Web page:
The Britain-based Syrian Observatory for Human Rights said it had confirmation from activists on the ground that the aircraft was shot down, either by a Russian-made anti-aircraft missile or by heavy machinegun fire. The Raqqa Media Center, an agency of activists that operates openly in IS-ruled areas with permission of the group, said the plane was downed near the village of Hamra Ghannam outside Raqqa. 

It posted photos of militants posing with shards of wreckage. It also posted a photo of the pilot's military identification card, identifying him as Mu'ath Safi Yousef al-Kaseasbeh. The group later showed the plane's glass canopy that was taken to a Raqqa main square where it was placed on the pavement for people to watch.

In Jordan, the pilot's cousin Marwan al-Kaseasbeh confirmed by telephone with The Associated Press that the photos are of his cousin.

Momani, the information minister, identified al-Kaseasbeh by name saying “he is a symbol of heroism and sacrifice.”

Activists say the Islamic State group is widely known to have Igla missile systems, either captured or bought from rival Syrian rebels, who were provided them by international patrons or bought them on the international market. 

State arsenals in both Iraq and Syria have been looted, so that could also be a source of Iglas circulating among rebels. Kanjo, an activist based in the northwestern province of Idlib, said IS is believed to have acquired the Igla missiles by buying them from mainstream rebel commanders or after some opposition fighters defected and joined the jihadi group.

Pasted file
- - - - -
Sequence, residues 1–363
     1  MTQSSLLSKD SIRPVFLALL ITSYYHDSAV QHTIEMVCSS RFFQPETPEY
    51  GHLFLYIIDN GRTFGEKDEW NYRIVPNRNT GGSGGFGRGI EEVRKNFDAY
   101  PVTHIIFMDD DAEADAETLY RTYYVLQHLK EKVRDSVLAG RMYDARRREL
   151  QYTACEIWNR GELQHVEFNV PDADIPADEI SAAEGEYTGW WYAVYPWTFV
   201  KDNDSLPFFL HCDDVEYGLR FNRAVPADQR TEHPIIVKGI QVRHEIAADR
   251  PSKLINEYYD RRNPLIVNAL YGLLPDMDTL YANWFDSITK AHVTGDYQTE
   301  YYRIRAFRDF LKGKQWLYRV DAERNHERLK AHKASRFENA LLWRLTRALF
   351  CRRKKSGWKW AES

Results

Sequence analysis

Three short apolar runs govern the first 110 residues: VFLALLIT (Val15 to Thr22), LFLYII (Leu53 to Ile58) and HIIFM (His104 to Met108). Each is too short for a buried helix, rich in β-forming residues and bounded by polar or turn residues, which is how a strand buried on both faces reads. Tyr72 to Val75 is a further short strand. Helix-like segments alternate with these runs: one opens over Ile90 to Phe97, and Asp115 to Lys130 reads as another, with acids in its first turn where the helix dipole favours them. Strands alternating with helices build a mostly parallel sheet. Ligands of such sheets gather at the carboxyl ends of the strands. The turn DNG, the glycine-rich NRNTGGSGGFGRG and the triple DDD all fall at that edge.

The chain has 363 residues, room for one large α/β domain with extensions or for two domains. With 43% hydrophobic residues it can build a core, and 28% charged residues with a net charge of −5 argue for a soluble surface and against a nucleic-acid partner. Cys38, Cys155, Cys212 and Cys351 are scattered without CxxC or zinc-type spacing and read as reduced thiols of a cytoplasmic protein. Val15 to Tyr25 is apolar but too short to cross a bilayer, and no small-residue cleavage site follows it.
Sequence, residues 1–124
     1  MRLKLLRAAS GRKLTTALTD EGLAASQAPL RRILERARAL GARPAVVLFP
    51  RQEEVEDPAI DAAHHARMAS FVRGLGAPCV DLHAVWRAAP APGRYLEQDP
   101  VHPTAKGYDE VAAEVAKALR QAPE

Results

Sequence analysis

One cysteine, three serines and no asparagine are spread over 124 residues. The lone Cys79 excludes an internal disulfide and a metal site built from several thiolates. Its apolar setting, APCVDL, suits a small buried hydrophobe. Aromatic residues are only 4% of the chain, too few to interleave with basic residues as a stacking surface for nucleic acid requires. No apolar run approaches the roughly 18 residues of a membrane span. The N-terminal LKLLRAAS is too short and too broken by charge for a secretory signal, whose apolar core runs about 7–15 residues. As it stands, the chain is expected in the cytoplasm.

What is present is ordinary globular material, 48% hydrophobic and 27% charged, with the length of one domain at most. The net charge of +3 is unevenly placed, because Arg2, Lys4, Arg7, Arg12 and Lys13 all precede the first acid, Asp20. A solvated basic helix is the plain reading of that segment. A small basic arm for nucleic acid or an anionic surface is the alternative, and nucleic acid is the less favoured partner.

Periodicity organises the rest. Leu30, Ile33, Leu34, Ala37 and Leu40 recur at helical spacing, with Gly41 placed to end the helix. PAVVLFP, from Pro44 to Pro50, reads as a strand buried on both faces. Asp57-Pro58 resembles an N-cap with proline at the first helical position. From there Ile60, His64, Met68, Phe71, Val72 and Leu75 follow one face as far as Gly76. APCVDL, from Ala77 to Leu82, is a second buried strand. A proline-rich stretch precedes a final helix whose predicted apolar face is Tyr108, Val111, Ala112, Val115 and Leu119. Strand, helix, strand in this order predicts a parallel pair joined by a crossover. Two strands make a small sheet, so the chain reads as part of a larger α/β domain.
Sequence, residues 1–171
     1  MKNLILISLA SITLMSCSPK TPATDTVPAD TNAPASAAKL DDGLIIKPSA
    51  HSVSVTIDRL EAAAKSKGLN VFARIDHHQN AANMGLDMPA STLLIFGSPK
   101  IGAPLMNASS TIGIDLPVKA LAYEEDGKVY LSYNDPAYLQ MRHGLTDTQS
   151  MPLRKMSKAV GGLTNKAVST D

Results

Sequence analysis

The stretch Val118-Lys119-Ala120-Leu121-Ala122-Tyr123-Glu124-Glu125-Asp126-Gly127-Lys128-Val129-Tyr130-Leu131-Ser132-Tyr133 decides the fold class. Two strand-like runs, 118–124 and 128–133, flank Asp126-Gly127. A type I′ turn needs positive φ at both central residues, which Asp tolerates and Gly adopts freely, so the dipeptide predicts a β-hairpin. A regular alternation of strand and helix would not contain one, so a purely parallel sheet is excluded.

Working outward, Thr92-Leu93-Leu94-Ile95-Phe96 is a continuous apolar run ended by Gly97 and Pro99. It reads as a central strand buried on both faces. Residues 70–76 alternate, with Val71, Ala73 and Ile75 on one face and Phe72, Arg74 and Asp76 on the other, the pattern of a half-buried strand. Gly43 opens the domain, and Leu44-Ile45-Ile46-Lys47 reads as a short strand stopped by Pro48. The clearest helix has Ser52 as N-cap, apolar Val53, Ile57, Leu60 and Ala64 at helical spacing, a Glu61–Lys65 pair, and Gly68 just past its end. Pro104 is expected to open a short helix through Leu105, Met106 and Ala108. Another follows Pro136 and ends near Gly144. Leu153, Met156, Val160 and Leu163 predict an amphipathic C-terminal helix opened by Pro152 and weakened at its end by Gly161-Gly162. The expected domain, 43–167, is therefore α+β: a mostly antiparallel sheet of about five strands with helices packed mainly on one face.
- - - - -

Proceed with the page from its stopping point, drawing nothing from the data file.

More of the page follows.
In Washington, a Pentagon official said they are aware of the claims being made over social media that a pilot has been shot down, but they could not confirm the report at this time. 

He spoke on the condition of anonymity because he was not authorized to discuss the reports by name.

Also Wednesday, a suicide bomber infiltrated a group of pro-government Sunni militiamen at a military base south of Baghdad as they gathered to get their paychecks. The bomber detonated his explosives, killing at least 24 militiamen and soldiers and wounding 55 others, police said.

The Sunni militias, known as Sahwa or Awakening Councils, were formed at the height of Iraq's sectarian fighting in 2006 and 2007, and allied with U.S. troops against Al Qaeda in Iraq, a precursor to the Islamic State extremist group. They are viewed as traitors by Sunni extremists fighting to overthrow the Shiite-led government.

In another attack, four civilians were killed and seven wounded when a bomb tore through an outdoor market in the town of Youssifiyah, 20 kilometres south of Baghdad. Both bombings bore the hallmarks of the Islamic State group.

This news bureau contains copyrighted material the use of which has not always been specifically authorized by the copyright owner. We are making such material available in our efforts to advance understanding of environmental, political, human rights, economic, democracy, scientific, and social justice issues, etc.  We believe this constitutes a 'fair use' of any such copyrighted material as provided for in section 107 of the US Copyright Law. In accordance with Title 17 U.S.C. Section 107, the material on this site is distributed without profit to those who have expressed a prior interest in receiving the included information for research and educational purposes.

Obama’s Popularity Among Troops Sinks

Obama and his lapdog Hagel have betrayed their oaths of office, the United States Military and America

By Robert Bridge

U.S. foreign policy continues its bold global juggernaut, but support for Obama among the rank-and-file has sunk to just 15 percent. At the same time, just 12 percent of the troops say America’s two-party political system is working for them.